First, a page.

Lifespan: Unknown to 12/5 of Eiroku 4 (1562)
Other Names: Yorisada, Maita-dono, Setagaya-dono
Title: Junior Fourth Rank (Lower), Assistant Captain of Imperial Guards of the Left Division
Lord: Hōjō Ujitsuna → Hōjō Ujiyasu
Father: Kira Shigetaka
Wife: [Formal] Daughter of Hōjō Ujitsuna; [Consort] Tokiwa (daughter of Ōhira Dewa-no-kami), others
Children: Three children
Adopted Children: Ujitomo
Kira Yoriyasu served as a bushō during the Sengoku period.
Yoriyasu was born as the son of Kira Shigetaka of the Musashi-Kira clan. Owing to residences that he kept at Setagaya Castle in Musashi and Maita Castle in the Kuraki District of Musashi, he was also called Lord Setagaya or Lord Maita.
In the first month of 1524, when Hōjō Ujitsuna of Sagami captured Edo Castle from Uesugi Tomooki, he obeyed the Gohōjō clan. In 1533, Yoriyasu participated in the construction of the Tsurugaoka-Hachiman Shrine by Ujitsuna, and shipped lumber by sea route from Maita to Sugita and then, with over 50,000 laborers, transported the materials to the Hachiman Shrine. Yoriyasu wed as his formal wife the daughter of Ujitsuna, and, on 6/7 of Tenbun 8 (1539), held prayers for the safe delivery of their child. He is surmised to have been married at this time.
In the eleventh month of 1546, he was conferred the title of Junior Fourth Rank, Assistant Captain of Imperial Guards of the Left Division. In 1548, he received a character from the name of Hōjō Ujiyasu and changed his name to Yoriyasu. Nevertheless, by 1554, he relinquished the title of Assistant Captain of Imperial Guards of the Left Division. The period that Yoriyasu used this title overlapped with a period of tension between the Hōjō clan and the Ashikaga family of the Koga kubō. In 1554, Ashikaga Haruuji, the fourth Koga kubō, was attacked at Koga Castle and incarcerated by Ujiyasu. Ujiyasu may have had Yoriyasu carry this title with connections to the Koga kubō as a display of the authority of the Kira clan in lieu of Haruuji. Ultimately, Ashikaga Yoshiuji became the fifth Koga kubō with the support of Ujiyasu and Yoriyasu ended his use of the title after this period of tension waned.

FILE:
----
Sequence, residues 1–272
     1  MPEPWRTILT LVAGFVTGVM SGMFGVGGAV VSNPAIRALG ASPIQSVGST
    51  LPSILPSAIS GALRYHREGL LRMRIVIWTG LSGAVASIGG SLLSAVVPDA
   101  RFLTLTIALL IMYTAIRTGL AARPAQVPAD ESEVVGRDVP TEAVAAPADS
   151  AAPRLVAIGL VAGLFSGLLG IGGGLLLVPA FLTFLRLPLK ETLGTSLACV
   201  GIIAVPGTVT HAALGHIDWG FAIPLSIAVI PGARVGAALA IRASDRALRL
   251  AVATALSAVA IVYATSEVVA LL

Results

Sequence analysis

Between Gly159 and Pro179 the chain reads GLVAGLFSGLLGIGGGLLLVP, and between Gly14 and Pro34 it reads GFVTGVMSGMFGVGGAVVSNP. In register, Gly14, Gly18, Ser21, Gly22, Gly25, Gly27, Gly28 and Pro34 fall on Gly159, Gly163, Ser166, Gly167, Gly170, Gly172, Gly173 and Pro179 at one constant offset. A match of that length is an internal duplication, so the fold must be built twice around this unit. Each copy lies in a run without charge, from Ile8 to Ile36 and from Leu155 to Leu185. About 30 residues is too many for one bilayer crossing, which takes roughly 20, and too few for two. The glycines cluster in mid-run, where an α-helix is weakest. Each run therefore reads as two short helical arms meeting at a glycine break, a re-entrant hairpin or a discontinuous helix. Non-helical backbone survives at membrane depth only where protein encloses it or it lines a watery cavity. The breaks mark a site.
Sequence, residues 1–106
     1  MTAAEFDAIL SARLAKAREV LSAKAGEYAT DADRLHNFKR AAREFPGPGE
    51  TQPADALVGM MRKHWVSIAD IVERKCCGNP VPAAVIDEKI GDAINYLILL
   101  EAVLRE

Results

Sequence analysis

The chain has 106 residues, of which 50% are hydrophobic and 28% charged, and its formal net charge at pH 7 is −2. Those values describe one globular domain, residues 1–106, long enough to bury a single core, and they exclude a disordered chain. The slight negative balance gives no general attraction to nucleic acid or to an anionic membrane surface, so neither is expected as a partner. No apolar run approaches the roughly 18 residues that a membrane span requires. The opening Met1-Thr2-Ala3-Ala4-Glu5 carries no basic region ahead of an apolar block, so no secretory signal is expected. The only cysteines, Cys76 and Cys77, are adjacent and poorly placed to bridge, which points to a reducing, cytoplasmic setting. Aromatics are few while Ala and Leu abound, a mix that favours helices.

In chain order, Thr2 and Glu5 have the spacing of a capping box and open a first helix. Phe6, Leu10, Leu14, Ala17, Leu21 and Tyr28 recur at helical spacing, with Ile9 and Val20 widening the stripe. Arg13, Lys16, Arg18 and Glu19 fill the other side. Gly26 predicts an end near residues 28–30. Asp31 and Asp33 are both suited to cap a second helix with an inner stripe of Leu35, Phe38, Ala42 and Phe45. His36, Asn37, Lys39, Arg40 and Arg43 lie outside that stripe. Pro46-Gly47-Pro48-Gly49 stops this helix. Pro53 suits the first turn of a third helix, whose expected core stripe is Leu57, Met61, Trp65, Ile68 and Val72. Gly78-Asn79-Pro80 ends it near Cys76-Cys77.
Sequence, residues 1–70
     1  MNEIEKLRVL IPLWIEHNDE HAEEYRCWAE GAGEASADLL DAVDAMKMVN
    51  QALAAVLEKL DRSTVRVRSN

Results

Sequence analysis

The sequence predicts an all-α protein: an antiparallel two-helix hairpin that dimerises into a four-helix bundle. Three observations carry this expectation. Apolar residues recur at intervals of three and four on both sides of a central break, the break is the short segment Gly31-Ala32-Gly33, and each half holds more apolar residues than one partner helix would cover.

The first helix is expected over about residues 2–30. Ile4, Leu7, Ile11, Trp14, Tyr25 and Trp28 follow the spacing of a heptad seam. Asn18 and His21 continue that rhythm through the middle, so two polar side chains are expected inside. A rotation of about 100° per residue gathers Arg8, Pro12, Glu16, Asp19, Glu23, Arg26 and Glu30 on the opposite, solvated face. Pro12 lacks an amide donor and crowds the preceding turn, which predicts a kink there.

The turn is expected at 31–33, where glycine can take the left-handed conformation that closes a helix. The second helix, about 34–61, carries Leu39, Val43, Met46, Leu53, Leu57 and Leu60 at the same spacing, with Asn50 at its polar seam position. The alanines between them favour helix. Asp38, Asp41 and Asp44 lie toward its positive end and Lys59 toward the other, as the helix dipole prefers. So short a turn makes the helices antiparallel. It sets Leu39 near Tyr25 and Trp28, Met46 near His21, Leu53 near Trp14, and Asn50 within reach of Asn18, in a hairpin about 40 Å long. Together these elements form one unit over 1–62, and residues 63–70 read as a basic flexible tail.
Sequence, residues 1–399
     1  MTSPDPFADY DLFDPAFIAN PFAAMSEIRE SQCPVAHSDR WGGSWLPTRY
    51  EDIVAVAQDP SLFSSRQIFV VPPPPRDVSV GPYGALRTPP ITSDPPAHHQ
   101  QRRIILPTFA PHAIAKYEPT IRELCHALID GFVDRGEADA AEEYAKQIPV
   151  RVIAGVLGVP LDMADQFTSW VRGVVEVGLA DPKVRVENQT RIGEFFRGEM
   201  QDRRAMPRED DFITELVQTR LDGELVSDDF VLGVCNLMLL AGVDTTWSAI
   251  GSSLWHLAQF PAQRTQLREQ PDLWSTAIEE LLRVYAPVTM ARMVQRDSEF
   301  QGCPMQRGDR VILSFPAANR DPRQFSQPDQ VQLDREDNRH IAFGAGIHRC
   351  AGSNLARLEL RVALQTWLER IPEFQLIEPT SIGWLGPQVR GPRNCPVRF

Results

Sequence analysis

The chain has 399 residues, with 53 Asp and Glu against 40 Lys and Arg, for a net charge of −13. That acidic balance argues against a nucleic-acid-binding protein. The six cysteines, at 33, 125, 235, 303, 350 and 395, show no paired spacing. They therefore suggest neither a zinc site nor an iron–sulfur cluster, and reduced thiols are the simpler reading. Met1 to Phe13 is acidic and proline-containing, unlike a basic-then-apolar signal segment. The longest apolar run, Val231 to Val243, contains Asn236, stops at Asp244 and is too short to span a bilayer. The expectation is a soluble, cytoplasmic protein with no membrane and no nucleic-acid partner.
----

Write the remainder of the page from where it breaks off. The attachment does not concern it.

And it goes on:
Yoriyasu did not have a natural son so, in the twelfth month of 1560, he adopted Horigoe Ujitomo, the son of Horigoe Rokurō. In the second month of 1561, he had Rokurō succeed to the headship of the clan.
Yoriyasu died on 12/5 of Eiroku 4 (1562) and was buried at the Shōkoku Temple in Maita in Musashi Province.
Relationship with the Hōjō clan
Yoriyasu served the Hōjō clan, but, owing to their association with the Ashikaga shōgun family he was treated as a house guest rather than as a retainer. He was exempted by the Hōjō from assorted taxes, and the Kira family was permitted to use their own seal on documents. Moreover, conferring the second character from the name of Ujiyasu to Yoriyasu indicated special treatment.
Nevertheless, as the status of the Hōjō clan increased, and as their power grew, the situation gradually changed. From the Kōji era (1555 to 1558), Hōjō Ujiyasu issued orders directly to retainers of the Kira family and, over a period of time, this band of retainers disintegrated. In the era of Kira Ujitomo (who succeeded Yoriyasu), the Kira were folded into the Hōjō as retainers, including for military service. From another perspective, the band of retainers of the Kira began to serve both families, but were not fully incorporated into the band of retainers dedicated to the Hōjō.
Kira Ujitomo, who was adopted by Yoriyasu and succeeded to the headship of the clan, was the natural son of Horigoe Rokurō of the Tōtōmi-Imagawa clan and Sakihime, the daughter of Hōjō Ujitsuna. Owing to the origins of his mother from the Hōjō, there is a view that the Hōjō forcibly intervened and recast the Kira clan as their retainers or that the Hōjō overrode the authority of the Kira and annexed their territory and made the retainers their own. On the other hand, Ujitomo’s father originated from the Horigoe (a branch of the Kira), so it is asserted that efforts were made to preserve the authority and nobility of the Kira based on their affiliation with the Ashikaga shōgun family, including the culture and formalities of a clan possessing a network across a broad area of the Kantō.